(Written for: www.ashgrovemarketing.im)
When a company gains momentum and they find themselves snowballing towards global recognition it is important that they adapt their brand respectively. One of the first steps towards this is asking yourself the make-or-break question: “to translate or not to translate?”
Slogans. They’re often catchy, unique and appeal to our funny side. Translating them is a great way to extend your marketable demographic. If you do it right.
Here’s what not to do if you decide to take the plunge and translate your precious slogan…
A much too literal translation can end up with some horrifying consequences as Pepsi and KFC have quickly learnt from their ventures in China. Pepsi’s already hefty claim that their consumers will ‘Come Alive with Pepsi’ becomes a haunting message when translated to ‘Pepsi: Brings Your Relatives Back from the Dead’. Now, that’s something Coke can’t compete with!
Translators up in the KFC headquarters are also struggling with their Mandarin idioms as they turn their innocently delicious slogan ‘Finger Lickin’ Good’ into a violent threat with ‘We’ll Eat Your Fingers’. That’s not what we ordered.
Between threats of cannibalism and reincarnation, Coors isn’t doing so well either. Their funky, teenager friendly slogan ‘Turn it Loose!’ when translated into Spanish becomes ‘You Will Suffer from Diarrhoea!’ Here, I think it’s the exclamation point that scares me the most. Coors undoubtedly was flushed away by Spanish competitors that don’t promise intestinal trouble… Unless a mild laxative is what you look for in your beverage.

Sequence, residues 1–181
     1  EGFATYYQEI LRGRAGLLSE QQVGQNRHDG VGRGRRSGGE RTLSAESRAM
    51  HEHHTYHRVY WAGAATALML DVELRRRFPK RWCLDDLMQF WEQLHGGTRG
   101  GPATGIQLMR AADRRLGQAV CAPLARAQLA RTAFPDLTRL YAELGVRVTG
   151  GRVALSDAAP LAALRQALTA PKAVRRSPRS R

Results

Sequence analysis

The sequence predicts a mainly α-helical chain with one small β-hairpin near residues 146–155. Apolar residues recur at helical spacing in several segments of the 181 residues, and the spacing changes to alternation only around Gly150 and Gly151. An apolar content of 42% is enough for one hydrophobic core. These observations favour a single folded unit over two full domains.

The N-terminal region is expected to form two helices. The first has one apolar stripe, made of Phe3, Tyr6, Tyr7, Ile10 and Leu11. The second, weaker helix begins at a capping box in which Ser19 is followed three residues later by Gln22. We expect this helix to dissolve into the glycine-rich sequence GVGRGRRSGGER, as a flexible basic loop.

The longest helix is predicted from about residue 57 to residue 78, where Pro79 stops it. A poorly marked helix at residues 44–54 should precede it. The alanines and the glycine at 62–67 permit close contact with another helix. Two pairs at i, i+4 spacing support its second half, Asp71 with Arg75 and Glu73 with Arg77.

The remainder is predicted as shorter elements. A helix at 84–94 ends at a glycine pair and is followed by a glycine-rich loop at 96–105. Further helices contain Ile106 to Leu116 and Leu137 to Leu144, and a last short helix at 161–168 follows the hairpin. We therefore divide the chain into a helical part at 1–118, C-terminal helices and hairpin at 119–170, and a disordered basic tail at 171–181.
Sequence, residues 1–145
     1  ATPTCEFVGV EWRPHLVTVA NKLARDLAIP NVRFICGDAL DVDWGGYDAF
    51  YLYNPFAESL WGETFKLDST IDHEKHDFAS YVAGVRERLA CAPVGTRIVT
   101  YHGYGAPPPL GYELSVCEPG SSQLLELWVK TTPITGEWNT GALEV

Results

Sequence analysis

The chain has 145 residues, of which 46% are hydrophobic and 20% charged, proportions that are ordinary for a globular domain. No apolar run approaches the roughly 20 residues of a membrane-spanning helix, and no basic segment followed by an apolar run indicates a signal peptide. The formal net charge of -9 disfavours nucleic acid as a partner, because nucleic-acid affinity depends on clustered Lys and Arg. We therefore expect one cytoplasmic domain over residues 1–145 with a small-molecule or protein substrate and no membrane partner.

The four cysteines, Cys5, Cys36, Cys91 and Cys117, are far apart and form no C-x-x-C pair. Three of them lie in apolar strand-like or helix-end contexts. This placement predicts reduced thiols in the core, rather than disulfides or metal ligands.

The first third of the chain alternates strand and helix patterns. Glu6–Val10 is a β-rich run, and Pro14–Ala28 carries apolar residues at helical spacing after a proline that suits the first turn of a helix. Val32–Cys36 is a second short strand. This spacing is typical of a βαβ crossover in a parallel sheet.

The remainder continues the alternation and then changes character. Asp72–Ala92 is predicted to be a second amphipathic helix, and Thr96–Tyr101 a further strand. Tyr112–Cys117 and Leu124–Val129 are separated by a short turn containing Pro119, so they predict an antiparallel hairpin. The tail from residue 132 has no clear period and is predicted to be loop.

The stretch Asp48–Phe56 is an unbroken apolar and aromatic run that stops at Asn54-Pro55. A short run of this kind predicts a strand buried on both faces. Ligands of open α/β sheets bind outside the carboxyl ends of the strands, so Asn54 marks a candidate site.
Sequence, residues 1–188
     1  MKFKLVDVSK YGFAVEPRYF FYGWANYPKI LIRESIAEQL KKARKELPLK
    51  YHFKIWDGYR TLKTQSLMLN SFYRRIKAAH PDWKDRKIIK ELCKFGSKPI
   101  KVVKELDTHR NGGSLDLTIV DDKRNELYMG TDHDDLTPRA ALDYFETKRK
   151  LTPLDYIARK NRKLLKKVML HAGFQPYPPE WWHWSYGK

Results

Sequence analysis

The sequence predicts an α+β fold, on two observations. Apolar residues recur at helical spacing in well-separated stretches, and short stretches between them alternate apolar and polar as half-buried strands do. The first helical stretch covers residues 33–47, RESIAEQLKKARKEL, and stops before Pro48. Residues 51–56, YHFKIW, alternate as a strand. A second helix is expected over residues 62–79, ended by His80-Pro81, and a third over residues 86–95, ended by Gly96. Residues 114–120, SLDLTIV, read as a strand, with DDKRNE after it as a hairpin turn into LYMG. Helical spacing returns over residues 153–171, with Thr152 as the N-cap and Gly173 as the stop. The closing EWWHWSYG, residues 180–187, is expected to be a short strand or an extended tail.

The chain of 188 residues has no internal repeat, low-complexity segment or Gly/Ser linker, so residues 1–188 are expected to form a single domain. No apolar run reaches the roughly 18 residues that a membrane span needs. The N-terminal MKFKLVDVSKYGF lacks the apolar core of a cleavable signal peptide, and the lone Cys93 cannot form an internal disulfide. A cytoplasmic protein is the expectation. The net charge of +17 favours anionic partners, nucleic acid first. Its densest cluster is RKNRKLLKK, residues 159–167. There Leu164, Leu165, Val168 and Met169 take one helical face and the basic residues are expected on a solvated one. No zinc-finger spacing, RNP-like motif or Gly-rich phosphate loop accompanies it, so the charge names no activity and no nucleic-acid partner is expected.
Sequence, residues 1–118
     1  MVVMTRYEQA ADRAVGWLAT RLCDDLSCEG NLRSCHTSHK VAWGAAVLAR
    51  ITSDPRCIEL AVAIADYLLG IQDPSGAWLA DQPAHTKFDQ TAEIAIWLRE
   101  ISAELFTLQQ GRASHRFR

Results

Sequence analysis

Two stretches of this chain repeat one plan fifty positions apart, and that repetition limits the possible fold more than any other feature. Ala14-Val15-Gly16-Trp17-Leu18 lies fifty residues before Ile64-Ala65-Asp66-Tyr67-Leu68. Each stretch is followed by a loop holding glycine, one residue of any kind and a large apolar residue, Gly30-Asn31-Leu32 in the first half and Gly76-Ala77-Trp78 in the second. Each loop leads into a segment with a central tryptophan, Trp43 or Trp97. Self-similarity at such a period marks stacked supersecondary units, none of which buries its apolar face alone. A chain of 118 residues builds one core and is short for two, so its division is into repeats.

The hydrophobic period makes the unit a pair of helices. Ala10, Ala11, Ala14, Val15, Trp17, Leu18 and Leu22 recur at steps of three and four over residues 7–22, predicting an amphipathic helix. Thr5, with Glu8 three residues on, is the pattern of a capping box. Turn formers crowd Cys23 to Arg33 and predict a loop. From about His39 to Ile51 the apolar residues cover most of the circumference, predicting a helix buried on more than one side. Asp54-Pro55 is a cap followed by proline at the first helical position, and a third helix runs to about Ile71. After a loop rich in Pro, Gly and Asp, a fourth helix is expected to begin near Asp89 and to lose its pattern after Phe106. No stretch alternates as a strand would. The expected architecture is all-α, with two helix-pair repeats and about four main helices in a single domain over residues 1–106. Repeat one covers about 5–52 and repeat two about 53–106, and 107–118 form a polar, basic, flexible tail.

Some slogan translations are just downright hilarious as demonstrated by McDonald’s. Crowds of joyous spectators and giddy children gather around for the unveiling of the classic burger, the Big Mac, in France. Ribbons cut, banners revealed and shops open to signs promoting the wonderful new ‘Gros Mac’! What a wonderful day! Or so it would be if ‘Gros Mac’ didn’t mean ‘Big Pimp’ in French. Mothers cover their children’s eyes and flee from the ghastly sight as McDonald’s professional French translator scratches his head in confusion.
The motto of this tragic translation tale is always, always, double check with a native speaker if you do decide to dip your toe in the linguistic pool.